Davis v. Colvin (CONSENT)
MEMORANDUM OPINION AND ORDER: it is ORDERED that the 17 motion for attorney's fees be and is hereby GRANTED to the extent that the plf be and is hereby AWARDED fees in the amount of $2,470.17; It is further ORDERED, to the extent that plf 's counsel requests that fees be awarded directly to counsel, 28 USC § 2412(d)(1)(A) authorizes the court to award fees to the prevailing party; The motion that fees be paid directly to counsel is hereby DENIED. Signed by Honorable Judge Charles S. Coody on 8/7/2014. (wcl, )
IN THE DISTRICT COURT OF THE UNITED STATES
FOR THE MIDDLE DISTRICT OF ALABAMA
LEANA REBECCA DAVIS,
CAROLYN W. COLVIN,
Acting Commissioner of Social Security,
CIVIL ACTION NO. 2:13cv413-CSC
MEMORANDUM OPINION and ORDER
On July 22, 2014, the plaintiff filed a motion for attorney fees pursuant to the Equal
Justice Act, 28 U.S.C. § 2412(d). (Doc. # 17). The Commissioner objects to an award of
fees because her “position was substantially justified.” (Doc. # 19, Def’s Res. at 1).
Plaintiff Leana Davis (“Davis”) applied for and was denied disability insurance and
supplemental security income benefits by the Commissioner. After her application was
denied, she sought judicial review in this court. On May 22, 2014, the court concluded that
the ALJ erred as a matter of law and remanded the case for further proceedings.1 (Doc. # 15
A Social Security disability claimant is a prevailing party entitled to seek EAJA fees
when the claimant obtains a remand for reconsideration of her case by the Commissioner.
See Shala v. Schaefer, 509 U.S. 292, 300-01 (1993). Thus, the plaintiff is a prevailing party.
The defendant argues that her position was substantially justified because “reasonable
Pursuant to 28 U.S.C. § 636(c)(1) and M.D. Ala. LR 73.1, the parties consented to a United States
Magistrate Judge conducting all proceedings in this case and ordering the entry of final judgment.
people could disagree whether the ALJ’s decision in this case was appropriate.” (Doc. # 19
at 6.) That, of course, is not the standard. Under the EAJA, the court “shall award”
attorney’s fees “unless the court finds that the position of the United States was substantially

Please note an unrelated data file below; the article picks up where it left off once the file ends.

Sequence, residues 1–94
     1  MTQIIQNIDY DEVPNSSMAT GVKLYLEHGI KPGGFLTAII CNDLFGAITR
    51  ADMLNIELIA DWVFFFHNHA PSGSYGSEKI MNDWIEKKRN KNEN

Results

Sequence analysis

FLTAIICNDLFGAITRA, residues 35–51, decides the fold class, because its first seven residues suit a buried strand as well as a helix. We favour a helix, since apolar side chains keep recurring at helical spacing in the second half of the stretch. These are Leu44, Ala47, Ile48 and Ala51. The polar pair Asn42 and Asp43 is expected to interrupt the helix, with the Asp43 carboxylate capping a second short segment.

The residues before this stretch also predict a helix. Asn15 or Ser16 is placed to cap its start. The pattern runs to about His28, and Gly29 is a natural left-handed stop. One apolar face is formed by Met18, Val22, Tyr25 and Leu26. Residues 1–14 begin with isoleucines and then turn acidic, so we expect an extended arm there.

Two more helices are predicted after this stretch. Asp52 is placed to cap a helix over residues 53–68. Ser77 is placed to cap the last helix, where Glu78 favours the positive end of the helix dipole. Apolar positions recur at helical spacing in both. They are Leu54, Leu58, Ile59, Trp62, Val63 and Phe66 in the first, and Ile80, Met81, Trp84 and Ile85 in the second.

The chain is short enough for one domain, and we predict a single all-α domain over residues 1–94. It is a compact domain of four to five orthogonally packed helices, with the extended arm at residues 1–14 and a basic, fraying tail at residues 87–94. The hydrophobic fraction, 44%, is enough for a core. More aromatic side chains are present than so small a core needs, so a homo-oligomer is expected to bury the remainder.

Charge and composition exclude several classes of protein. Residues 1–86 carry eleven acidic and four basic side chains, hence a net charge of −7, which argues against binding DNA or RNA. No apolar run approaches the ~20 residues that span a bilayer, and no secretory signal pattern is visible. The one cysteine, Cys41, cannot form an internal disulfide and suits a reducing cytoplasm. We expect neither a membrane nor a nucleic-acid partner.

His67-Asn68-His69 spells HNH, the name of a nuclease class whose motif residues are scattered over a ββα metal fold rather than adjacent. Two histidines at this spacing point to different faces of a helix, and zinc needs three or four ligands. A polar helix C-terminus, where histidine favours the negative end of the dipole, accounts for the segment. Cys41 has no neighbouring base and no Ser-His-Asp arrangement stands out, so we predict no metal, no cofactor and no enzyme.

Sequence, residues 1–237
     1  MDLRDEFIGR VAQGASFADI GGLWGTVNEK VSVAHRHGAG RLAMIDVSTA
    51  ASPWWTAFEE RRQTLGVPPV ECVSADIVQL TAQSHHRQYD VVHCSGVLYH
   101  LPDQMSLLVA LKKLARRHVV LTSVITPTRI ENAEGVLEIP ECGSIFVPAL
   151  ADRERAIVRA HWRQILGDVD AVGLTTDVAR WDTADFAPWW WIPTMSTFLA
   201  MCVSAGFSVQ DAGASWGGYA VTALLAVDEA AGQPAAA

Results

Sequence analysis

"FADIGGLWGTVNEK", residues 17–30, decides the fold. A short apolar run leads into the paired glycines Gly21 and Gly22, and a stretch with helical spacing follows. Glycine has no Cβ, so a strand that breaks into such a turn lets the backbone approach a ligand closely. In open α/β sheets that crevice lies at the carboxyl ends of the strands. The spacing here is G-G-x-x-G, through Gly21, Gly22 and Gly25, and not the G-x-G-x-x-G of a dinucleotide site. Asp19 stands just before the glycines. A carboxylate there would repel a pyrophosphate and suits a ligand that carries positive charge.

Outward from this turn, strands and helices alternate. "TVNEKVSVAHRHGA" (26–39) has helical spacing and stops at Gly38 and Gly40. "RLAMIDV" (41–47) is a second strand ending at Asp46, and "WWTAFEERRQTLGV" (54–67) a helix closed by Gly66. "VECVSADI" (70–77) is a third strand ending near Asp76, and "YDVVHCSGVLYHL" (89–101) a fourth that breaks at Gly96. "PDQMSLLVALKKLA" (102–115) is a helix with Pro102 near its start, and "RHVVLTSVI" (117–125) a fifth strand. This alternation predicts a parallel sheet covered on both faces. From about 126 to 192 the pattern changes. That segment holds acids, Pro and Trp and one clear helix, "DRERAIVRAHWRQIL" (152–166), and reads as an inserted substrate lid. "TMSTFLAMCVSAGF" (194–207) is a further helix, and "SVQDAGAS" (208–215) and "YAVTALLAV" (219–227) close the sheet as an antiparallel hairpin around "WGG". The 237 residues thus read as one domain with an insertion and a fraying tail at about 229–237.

justified or that special circumstances make an award unjust.” 28 U.S.C. § 2412(d)(1)(A).
See also Gisbrecht v. Barnhart, 535 U.S. 789, 796 (2002). “The government’s position is
substantially justified under the EAJA when it is justified to a degree that would satisfy a
reasonable person - i.e. when it has a reasonable basis in both law and fact. The government
bears the burden of showing that its position was substantially justified.” United States v.
Douglas, 55 F.3d 584, 588 (11th Cir. 1995) (quoting Pierce v. Underwood, 487 U.S. 552,
565 (1988)) (emphasis added).
It has long been the law of this circuit that the ALJ has a basic duty to develop a full
and fair record. Ellison v. Barnhart, 355 F.3d 1272, 1276 (11th Cir. 2003); Kelley v.
Heckler, 761 F.2d 1538 (11th Cir. 1985). In addition, the Supreme Court has concluded that
“Social Security proceedings are inquisitorial rather than adversarial. It is the ALJ’s duty
to investigate the facts and develop the arguments both for and against granting benefits.”
Sims v. Apfel, 530 U.S. 103, 110-111 (2000). In this case, the court concluded that “the ALJ
failed to fully develop the record with regard to the impact of the plaintiff’s diarrhea on her
ability to perform work and failed to develop the record regarding the plaintiff’s financial
ability to obtain medical treatment for her condition.” (Doc. # 15 at 9). Thus, the court